Fall from Grace

Seven days in May end with a front runner's implosion

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Hart's fast-blooming friendship with Broadhurst was the stuff that every Washington power broker dreams of: a close association with the man who could be the next President. Although Broadhurst had limited political contacts outside Louisiana, he often traveled with Hart on forays through the South. On a Friday night in early March, Hart and Broadhurst were relaxing on a yacht in Miami harbor after a fund-raising dinner. As Rice tells it, she wandered aboard by chance and encountered Hart. She told the former Senator, "You probably don't remember, but I met you at Aspen." Hart admits he asked for Rice's phone number, and the next day, she says, he called to invite her to accompany him and Broadhurst on a daylong boat trip.

Hart's original account of the boat trip was troublesomely vague. In response to questions, Hart claimed that Broadhurst had invited "two or three friends" to join them. Their destination was Bimini, 50 miles from Miami, where Broadhurst's own boat had undergone repairs. Both Hart and Rice insisted the only reason the party stayed overnight in Bimini was that the customs office was closed. But the Miami Herald reported that Monkey Business cleared Bahamian customs on arriving, shortly before dusk. And according to Bahamian authorities, American pleasure boats are not required to clear customs upon departure. The sleeping arrangements on Bimini prompted more questions than a TV quiz show. Both Rice and Hart maintained that they slept on separate boats, and that the two men spent the night on Broadhurst's.

The trip was only mentioned in passing in the initial Miami Herald story. But the image of two married men on an overnight boat trip to Bimini with two attractive young women did as much to damage Hart's credibility as the Herald's original charges. In the weeks after Bimini, both Hart and Rice acknowledge, they talked six or seven times by phone. Hart at first characterized the conversations as "casual, political" and later claimed they were primarily to discuss the bit-part actress's fund-raising efforts in the entertainment industry. The schedule for the Washington weekend was ostensibly for Hart, Broadhurst and the two women to have dinner together on Friday and Saturday nights. Even though Lee Hart was home in Colorado, the exhausted candidate had flown from Iowa to Washington for the weekend. But in making his social plans, Hart never figured on a stakeout by the Miami Herald.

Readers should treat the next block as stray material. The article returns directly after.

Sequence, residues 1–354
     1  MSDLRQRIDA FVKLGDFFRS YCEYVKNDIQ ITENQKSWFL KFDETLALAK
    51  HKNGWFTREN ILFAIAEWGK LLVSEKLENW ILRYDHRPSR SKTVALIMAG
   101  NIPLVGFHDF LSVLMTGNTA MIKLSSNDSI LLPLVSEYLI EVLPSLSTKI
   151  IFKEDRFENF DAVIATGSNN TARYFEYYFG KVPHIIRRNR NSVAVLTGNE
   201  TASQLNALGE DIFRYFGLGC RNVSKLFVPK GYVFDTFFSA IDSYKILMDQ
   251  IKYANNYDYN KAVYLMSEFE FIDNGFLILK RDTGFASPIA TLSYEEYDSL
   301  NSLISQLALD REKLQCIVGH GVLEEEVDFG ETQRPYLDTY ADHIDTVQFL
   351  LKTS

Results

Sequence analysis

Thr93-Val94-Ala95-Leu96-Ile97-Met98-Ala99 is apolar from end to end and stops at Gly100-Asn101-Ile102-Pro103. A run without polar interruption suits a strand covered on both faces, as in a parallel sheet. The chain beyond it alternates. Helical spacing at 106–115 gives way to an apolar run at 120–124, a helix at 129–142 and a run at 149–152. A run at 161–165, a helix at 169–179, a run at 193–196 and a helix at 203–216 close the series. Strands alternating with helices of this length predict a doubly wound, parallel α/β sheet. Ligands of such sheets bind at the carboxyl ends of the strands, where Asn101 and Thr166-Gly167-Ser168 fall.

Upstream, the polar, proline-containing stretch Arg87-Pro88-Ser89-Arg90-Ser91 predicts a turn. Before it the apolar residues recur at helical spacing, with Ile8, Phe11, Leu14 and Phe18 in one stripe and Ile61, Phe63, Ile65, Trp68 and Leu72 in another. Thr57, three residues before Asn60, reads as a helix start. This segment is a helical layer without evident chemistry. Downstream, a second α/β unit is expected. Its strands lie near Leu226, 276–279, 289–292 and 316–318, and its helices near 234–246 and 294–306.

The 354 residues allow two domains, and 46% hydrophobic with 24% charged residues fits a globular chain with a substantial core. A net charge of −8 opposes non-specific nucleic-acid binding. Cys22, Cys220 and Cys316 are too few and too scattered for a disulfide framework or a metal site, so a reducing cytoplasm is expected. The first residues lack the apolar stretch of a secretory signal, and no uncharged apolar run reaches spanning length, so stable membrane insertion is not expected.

Even now, after the collapse of the Hart campaign, there is still no coherent account of that Washington weekend that is not subject to bitter contradiction. Judging from the stories of Hart, Broadhurst and Rice, there were enough comings and goings from the candidate's Capitol Hill town house to satisfy a French farceur. But the Herald's initial story, rushed into print to make the late Sunday editions, contended that Hart and his date were spied entering the house alone late on Friday night and were not seen again until they emerged through the rear door on Saturday evening. Not until a day later, after the story had roared through the political community, did the Herald reporters concede they had not kept consistent watch on the rear alleyway exit until almost dawn Saturday.

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